Gardasil Basics:

Gardasil is a new vaccine being made by Merck & Co., Inc. and which has been approved by the FDA to prevent cervical cancer in females between the ages of 9 and 26 years of age.

What Gardasil Is Used For:

Gardasil is a vaccine against the HPV or Human Papillomavirus. The Gardasil vaccine protects recipients against 4 types of HPV, including the two types that cause most cervical cancers and the two types that cause the most genital warts.

Gardasil Controversy:

Some experts think that Gardasil may lead to controversy because some parents will have problems thinking about giving a vaccine against a STD to pre-teens. Other parents might not want a vaccine against a STD at all, believing that their children could not be at risk. And still others think that Gardasil might encourage promiscuity, since it could foster the belief that it protects against STDs.

HPV Facts:

HPV is a sexually transmitted disease that causes genital warts, abnormal Pap tests, and cervical cancer.

  • About 20 million people are infection with HPV in the United States and almost 3,700 women die of cervical cancer in the US each year.
  • Since many people have no symptoms and not even know that they are infected with HPV, they can pass on their HPV infection to their sexual partners without knowing.
  • There is no cure for HPV infections.

Gardasil Facts:

Gardasil won't prevent all forms of genital warts or cervical cancers, but it is highly effective at preventing genital warts and cervical cancers that are caused by the types of HPV that the vaccine targets.

  • Gardasil will be given as a three dose series completed over 6 months.
Who Should Get Gardasil:

Since Gardasil prevents HPV, a sexually transmitted disease, it is important that it be given before people become sexually active. In fact, the ACIP recommends that Gardasil be routinely given to girls when they are 11 or 12 years of age. Gardasil can be started as early as age 9 though, and can also be given to women 13 to 26 years old.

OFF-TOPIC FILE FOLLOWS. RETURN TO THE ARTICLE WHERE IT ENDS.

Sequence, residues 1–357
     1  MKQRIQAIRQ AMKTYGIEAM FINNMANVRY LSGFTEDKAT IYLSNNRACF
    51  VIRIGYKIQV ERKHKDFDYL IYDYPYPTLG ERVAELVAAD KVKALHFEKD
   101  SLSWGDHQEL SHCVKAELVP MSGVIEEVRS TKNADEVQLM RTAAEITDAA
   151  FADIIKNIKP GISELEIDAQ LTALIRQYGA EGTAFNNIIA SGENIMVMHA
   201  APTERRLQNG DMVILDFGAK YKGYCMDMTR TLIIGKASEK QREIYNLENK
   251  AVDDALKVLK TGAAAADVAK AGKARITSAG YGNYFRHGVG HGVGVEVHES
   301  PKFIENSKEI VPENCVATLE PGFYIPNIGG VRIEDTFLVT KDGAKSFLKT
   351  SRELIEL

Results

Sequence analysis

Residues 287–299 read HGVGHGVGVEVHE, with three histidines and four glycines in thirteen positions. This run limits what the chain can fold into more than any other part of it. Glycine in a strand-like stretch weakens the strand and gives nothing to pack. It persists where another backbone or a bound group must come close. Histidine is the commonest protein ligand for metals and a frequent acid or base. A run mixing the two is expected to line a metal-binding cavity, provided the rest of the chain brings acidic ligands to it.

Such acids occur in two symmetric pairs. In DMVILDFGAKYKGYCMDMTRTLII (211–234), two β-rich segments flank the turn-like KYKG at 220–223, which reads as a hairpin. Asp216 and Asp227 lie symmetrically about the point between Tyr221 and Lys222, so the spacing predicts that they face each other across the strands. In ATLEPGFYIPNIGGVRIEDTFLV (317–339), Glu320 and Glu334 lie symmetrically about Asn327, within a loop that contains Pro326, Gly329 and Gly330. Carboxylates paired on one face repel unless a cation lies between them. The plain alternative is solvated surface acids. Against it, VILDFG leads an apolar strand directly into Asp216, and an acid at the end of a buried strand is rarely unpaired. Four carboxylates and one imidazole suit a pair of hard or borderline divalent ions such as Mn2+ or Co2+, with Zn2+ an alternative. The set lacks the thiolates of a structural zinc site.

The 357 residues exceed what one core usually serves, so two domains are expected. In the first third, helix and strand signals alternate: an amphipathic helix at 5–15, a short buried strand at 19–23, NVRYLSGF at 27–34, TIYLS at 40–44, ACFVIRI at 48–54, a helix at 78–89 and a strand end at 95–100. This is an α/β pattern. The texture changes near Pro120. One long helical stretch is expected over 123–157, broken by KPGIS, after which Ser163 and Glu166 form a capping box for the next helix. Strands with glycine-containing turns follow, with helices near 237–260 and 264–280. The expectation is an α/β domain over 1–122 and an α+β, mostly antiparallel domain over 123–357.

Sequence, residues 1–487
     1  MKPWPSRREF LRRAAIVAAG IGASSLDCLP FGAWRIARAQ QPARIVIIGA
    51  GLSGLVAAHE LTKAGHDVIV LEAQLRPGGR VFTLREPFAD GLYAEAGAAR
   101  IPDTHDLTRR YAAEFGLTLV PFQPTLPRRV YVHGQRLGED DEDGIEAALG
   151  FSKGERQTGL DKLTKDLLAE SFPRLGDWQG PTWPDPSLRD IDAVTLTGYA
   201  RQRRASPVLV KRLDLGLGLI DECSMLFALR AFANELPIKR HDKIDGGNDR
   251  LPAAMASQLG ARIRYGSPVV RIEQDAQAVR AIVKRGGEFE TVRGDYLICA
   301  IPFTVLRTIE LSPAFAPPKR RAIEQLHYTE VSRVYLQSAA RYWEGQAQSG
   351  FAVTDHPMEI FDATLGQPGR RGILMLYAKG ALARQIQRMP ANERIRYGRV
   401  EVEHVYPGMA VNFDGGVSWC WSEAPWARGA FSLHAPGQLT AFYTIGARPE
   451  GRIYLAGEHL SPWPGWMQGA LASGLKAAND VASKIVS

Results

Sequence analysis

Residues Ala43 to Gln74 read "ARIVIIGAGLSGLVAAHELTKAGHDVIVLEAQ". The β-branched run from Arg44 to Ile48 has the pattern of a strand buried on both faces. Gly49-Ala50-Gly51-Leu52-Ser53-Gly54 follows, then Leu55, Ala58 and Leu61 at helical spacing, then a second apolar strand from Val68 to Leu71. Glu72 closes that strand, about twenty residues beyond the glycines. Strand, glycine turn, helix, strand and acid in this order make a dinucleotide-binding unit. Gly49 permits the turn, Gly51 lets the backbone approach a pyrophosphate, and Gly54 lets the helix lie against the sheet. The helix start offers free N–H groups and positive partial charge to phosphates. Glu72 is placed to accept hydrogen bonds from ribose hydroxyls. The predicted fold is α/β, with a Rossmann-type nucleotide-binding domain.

Gardasil Side Effects:

According to the CDC, so far in testing, 'there appear to be no serious side effects. The most common side effect is brief soreness at the injection site.'

What You Need To Know:

  • Gardasil is not a 'STD vaccine' in the sense that it prevents all STDs. It simply provides protection against certain types of HPV, but not other STDs, such as HIV or herpes.
  • Cervarix is another HPV vaccine that is being developed by GlaxoSmithKline.
  • Genital HPV Infection - CDC Fact Sheet.
  • HPV Vaccine - CDC Fact Sheet.
  • CDC Cervical Cancer Screening Fact Sheet.
  • Immunization against genital human papillomaviruses. Bonnez W - Pediatr Infect Dis J - 01-NOV-2005; 24(11): 1005-6.
Updated: December 1, 2006

Monday, October 23, 2006

Narrow minded Forbes Article: Fat City

Fat City -

The article is helpful as an overview of the state of the diabetes drug market. The name and premise of the article are a little too gimicky and rife with stereotypes.

Some 400 diabetes drugs are now being tried out on animals or people. They aim to lessen the side effects of older drugs--heart failure and weight gain for starters--or stave off or reduce the need for insulin shots, the standard way of replenishing the sugar-regulating hormone. Pfizer just started marketing the first inhaled insulin product, Exubera; competitors with sleeker inhaled products are a few years behind. Meanwhile, Sanofi-Aventis is testing its highly anticipated experimental obesity pill, rimonabant, in diabetics, although U.S. Food & Drug Administration approval was delayed.


Januvia is the first in a new class of diabetes medicine known as DPP-4
inhibitor. The drug works by enhancing the body's own ability to lower blood
sugar, or glucose, when it is elevated. ...According to Dr. John Amatruda, vice
president of clinical research for Merck, the drug's label will also reflect
that its side-effect profile is similar to placebo, or fake pill. Those side
effects include runny nose, sore throat, upper respiratory tract infection and
diarrhea. Unlike current diabetes drugs on the market, DPP-4 inhibitors don't
cause weight gain, which is seen as a major benefit, as the majority of diabetes
type 2 patients are already overweight or obese. "We now have an option for
physicians of a new and novel drug which has powerful glucose lowering efficacy
without causing many of the side effects of current agents," Amatruda said. "And
it can be used both alone and in combination."

Wednesday, October 18, 2006

Does Cinnamon help fight type 2 Diabetes